Chapter History S1-F3-C2, Principal Residence
The purpose of a Chapter History page is to highlight any amendments to the information contained in a chapter of an income tax folio, including amendments to the information originally contained in an interpretation bulletin that has been cancelled and replaced with a folio chapter. It outlines amendments that have been made as a result of legislative changes and proposed legislative changes, precedential court decisions, as well as new or revised interpretations of the Canada Revenue Agency (CRA).
Except as otherwise noted, all statutory references herein are references to provisions of the Income Tax Act, R.S.C., 1985, c.1 (5th Supp.), as amended and all references to a Regulation are to the Income Tax Regulations, C.R.C., c. 945, as amended.
Update July 25, 2019
¶2.6 has been amended to remove the reference to cancelled Income Tax Info Sheet TI-001, Sale of a Residence by an Owner Builder.
¶2.15 has been amended to refer to the forms required for a designation of a property as a principal residence after 2016.
¶2.15.1 has been added to confirm that the Minister of National Revenue may accept a late-filed principal residence designation for tax years that end after October 2, 2016. This is in accordance with a legislative amendment to paragraph 220(3.21)(a.1) made by S.C. 2017, c.33, s.76 (formerly Bill C‑63).
¶2.15.2 has been renumbered as a result of the insertion of new ¶2.15.1. The first sentence has been revised for additional clarity. It formerly read, “For dispositions that occurred prior to 2016, the CRA did not require reporting of a full principal residence exemption.” It now reads, “For sales or dispositions that occurred prior to 2016, the CRA did not require reporting on the taxpayer’s income tax return where a full principal residence exemption otherwise applied to that disposition.”
¶2.20 has been amended based on the description of B in paragraph 40(2)(b), for dispositions that occur after October 2, 2016. This reflects a legislative amendment made by S.C. 2017, c. 33, subsection 10(1), (formerly Bill C‑63). The amendment requires a taxpayer to be resident in Canada in the year a principal residence is purchased in order to be eligible for the “plus 1” rule when calculating the gain from its disposition.
¶2.35 has been amended to replace the term “area” used in the last sentence with “portion” for clarity purposes.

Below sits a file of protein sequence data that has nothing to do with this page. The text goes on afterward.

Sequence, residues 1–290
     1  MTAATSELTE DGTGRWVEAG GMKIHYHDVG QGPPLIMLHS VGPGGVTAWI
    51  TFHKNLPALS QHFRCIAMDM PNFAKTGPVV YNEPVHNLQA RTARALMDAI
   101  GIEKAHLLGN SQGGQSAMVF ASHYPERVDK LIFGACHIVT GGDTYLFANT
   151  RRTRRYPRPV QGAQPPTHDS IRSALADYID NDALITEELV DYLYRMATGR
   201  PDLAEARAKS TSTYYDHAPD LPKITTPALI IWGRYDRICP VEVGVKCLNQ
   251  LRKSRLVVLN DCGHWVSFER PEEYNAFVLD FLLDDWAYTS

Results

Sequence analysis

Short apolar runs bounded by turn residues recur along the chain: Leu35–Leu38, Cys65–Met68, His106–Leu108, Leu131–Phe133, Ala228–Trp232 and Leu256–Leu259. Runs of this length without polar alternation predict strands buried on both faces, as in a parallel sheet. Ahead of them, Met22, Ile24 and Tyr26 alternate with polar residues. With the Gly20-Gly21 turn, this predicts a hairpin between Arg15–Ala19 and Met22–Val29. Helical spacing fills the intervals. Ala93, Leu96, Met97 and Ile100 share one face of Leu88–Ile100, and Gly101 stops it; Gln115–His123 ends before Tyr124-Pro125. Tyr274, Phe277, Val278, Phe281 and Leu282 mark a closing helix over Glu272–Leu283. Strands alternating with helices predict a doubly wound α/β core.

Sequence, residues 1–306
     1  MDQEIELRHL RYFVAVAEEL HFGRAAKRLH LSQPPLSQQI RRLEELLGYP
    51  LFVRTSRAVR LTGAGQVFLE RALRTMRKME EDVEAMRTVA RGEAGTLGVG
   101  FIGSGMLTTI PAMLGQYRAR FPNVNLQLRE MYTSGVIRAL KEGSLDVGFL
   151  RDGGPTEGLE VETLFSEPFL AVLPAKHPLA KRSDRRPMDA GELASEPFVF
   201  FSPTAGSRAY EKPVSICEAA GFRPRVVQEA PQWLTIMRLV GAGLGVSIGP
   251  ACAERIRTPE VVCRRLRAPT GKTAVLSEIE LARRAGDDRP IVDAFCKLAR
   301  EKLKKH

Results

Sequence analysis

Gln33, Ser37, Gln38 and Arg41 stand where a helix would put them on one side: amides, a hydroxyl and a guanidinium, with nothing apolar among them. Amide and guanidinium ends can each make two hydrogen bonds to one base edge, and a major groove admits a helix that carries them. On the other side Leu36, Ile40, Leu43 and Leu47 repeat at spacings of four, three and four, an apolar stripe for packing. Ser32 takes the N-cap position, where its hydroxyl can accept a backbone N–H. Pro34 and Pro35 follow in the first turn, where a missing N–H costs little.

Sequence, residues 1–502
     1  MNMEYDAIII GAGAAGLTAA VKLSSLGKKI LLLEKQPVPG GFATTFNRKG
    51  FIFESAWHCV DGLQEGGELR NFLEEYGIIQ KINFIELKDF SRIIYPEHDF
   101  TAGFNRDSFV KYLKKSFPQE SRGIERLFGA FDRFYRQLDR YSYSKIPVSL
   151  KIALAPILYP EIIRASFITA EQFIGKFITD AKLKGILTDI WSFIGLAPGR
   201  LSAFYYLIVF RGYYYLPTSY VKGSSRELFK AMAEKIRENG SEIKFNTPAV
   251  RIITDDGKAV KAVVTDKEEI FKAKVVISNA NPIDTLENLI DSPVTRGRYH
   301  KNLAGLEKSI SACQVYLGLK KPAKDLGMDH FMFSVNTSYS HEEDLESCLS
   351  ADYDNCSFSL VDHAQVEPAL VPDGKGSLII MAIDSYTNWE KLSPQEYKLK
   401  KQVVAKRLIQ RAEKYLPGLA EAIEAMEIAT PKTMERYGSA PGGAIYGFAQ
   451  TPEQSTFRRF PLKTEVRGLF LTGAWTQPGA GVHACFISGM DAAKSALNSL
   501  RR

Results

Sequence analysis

¶2.65 has been amended to refer to the additional rules applicable when a personal trust disposes of a principal residence after 2016.
¶2.66.1 to 2.66.4 have been added to reflect legislative changes to subsections 40(6) and 40(6.1), and subparagraph (c.1)(iii.1) of the definition of principal residence within section 54. See 2017, Chapter 33 (Bill C‑63); Budget Implementation Act, 2017, No. 2 [assented to December 14, 2017]. These rules identify which categories of trust can make a designation and confirm that the trust may do so only if certain conditions are met. Example 7.1 has been added to demonstrate the operation of these rules.
The Reference section has been updated to include paragraph 220(3.21)(a.1).
In addition, revisions have been made to the French version of the Chapter for readability and consistency purposes.
Update March 22, 2017
¶2.60 has been revised to refer to and reflect the publication of Income Tax Folio S4-F2-C2, Business Use of Home Expenses, which replaced and cancelled Interpretation Bulletin IT-514, Work Space in Home Expenses.
Update December 1, 2016
The Summary has been updated to notify readers of an important change in the CRA’s reporting requirements commencing in 2016. The change is applicable to all dispositions of principal residences otherwise qualifying for the full principal residence exemption. It also notifies readers of other proposed legislative changes introduced by Finance Canada in a Notice of Ways and Means Motion dated October 3, 2016.
The following specific changes have been made to the Chapter:
¶2.15 and ¶2.16 have been amended to describe the changes to the CRA’s administrative reporting requirements for all dispositions of a principal residence that otherwise qualifies for the full principal residence exemption. These changes are effective for dispositions taking place in 2016 and onward.